Stanford GSB Dean Leads B-School Delegation to Washington
Meetings at Congress and the White House focused on the future of American business.
Dean Jonathan Levin speaks with event co-hosts Sen. Todd Young (R-IN) and Rep. Ro Khanna (D-CA 17) in the U.S. Capitol Building. | By Courtesy
Deans from ten leading business schools gathered recently in Washington, DC, to meet with government officials about how to educate future business leaders and support a dynamic American economy.
Stanford Graduate School of Business Dean Jonathan Levin was the coordinating host of the daylong gathering that started at a morning meeting with the Business Roundtable, an association of CEOs from some of the country’s leading companies. The deans then held a multi-hour discussion in the U.S. Capitol Building with dozens of Members of Congress, co-hosted by Rep. Ro Khanna of California and Sen. Todd Young of Indiana. The day’s events concluded with a series of afternoon meetings with Jared Bernstein, chair of the White House Council of Economic Advisers, and Lael Brainard, director of the National Economic Council.
Schools from across the country participated in the DC events: Columbia University Business School, Dartmouth College Tuck School of Business, Duke Fuqua School of Business, Indiana University Kelley School of Business, Northwestern University Kellogg School of Management, Stanford Graduate School of Business, University of California Berkeley Haas School of Business, University of Chicago Booth School of Business, University of Pennsylvania Wharton School, University of Texas-Austin McCombs School of Business.
“America’s business schools have the responsibility of educating the next generation of leaders for business and society,” said Levin. “At a time of rapid change and new challenges, we need more events like these to share perspectives, explore ideas, and set a course for innovation, opportunity, and prosperity.”
The deans and government leaders discussed a wide range of topics about challenges and opportunities facing business, society, and the economy, such as expanding economic opportunity for more people, managing geopolitical tensions, and addressing immigration policy.
They also addressed ways to capitalize on students’ passion for social purpose; how to encourage the manufacturing sector to adopt technological solutions for sustainability; and ways to reach and teach mid-career professionals working in business and government.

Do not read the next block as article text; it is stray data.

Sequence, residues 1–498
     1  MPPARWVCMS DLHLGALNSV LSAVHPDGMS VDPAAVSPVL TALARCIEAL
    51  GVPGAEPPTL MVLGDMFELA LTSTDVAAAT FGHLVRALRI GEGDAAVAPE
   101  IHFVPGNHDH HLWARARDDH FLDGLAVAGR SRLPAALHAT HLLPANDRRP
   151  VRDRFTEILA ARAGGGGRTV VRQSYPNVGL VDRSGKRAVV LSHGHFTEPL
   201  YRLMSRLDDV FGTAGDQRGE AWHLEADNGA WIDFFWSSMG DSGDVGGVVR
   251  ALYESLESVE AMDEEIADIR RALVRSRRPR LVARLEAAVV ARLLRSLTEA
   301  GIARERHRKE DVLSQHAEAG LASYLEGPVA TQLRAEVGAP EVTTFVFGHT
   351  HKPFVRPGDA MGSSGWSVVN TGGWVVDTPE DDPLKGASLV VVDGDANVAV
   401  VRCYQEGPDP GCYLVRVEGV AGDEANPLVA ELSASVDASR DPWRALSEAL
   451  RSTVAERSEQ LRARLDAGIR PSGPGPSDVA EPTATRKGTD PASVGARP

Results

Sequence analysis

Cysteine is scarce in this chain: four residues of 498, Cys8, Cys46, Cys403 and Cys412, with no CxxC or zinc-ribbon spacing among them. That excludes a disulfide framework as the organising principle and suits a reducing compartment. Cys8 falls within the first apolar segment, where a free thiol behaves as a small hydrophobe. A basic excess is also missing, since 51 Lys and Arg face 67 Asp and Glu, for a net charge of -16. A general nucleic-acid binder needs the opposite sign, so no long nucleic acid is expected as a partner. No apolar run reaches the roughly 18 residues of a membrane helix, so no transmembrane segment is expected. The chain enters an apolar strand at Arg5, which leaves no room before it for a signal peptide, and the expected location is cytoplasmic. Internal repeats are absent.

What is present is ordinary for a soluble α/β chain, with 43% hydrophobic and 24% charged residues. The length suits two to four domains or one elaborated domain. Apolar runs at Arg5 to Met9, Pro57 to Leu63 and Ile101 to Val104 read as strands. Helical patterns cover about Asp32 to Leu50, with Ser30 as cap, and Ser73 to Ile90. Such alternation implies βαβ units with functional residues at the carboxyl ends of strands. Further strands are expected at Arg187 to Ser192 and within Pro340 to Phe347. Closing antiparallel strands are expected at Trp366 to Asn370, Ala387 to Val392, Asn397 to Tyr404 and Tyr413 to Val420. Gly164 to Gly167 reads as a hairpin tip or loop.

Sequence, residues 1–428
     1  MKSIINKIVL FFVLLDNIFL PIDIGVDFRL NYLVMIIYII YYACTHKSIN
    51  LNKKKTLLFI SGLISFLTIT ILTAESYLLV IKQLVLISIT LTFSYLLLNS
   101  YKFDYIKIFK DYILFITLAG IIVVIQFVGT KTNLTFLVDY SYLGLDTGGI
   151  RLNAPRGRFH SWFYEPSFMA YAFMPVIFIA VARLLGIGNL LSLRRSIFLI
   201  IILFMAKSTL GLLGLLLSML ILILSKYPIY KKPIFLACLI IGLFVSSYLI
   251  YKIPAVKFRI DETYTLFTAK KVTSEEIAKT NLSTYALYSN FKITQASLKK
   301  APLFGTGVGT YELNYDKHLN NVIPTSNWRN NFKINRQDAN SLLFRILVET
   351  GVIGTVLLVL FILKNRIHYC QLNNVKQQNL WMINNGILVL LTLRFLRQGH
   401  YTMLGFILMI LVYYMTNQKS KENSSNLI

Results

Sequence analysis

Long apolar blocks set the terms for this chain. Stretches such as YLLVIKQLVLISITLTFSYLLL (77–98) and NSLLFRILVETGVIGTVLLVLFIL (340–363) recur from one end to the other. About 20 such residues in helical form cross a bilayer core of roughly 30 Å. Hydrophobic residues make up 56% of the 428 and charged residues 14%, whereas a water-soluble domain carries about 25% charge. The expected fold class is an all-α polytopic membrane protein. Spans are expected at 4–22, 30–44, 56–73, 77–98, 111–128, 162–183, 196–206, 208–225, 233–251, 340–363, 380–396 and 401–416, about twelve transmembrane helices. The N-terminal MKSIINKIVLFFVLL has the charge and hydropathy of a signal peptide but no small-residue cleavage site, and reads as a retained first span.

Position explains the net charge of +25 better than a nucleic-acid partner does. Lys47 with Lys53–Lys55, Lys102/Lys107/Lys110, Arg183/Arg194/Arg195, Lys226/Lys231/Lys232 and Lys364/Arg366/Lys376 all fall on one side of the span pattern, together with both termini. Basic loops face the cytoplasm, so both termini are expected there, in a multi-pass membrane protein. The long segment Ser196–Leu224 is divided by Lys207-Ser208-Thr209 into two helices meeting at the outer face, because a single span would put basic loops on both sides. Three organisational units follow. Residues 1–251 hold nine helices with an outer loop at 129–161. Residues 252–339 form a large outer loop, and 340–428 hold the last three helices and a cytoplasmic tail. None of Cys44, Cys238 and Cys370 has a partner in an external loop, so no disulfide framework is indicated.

“Congressman Khanna and I are committed to ensuring America is a global leader in innovation and technology,” said Sen. Young. “A major part of that leadership is the ability to collaborate across the public and private sectors, which is why this event is important. I am grateful that these business school deans are sharing their time, ideas, and expertise with us, and I look forward to additional collaboration in the months and years to come.”
The deans delegation meets with Lael Brainard, director of the National Economic Council. Clockwise: Madhav V. Rajan (University of Chicago Booth School of Business); Francesca Cornelli (Northwestern University Kellogg School of Management); Ash Soni (Indiana University Kelley School of Business); Jonathan Levin (Stanford GSB); Mathew J. Slaughter (Dartmouth College Tuck School of Business); Lael Brainard; Lillian Mills (University of Texas-Austin McCombs School of Business); Erika James (University of Pennsylvania Wharton School); Costis Maglaras (Columbia University Business School). Participating deans not pictured: Ann Harrison (Haas School of Business, University of California Berkeley) and Bill Boulding (Duke Fuqua School of Business). | By Courtesy
“A strong economy is foundational to American democracy,” said Rep. Khanna. “Strengthening the economy is about more than just creating jobs, it’s about rebuilding the working class and bringing people together around a common purpose. But lawmakers can’t do it alone. This event is a great start to encourage collaboration between the private and public sectors and foster a spirit of unity among the next generation of leaders.”
“The discussions exceeded the goal of the day to listen and learn from leaders in Congress and the White House about how they see the business and policy environment changing today and 25 years from now,” said Levin. “The ideas and suggestions that arose will inform the GSB’s decisions on how to best support and prepare students for the future with a 21st–century business education.”
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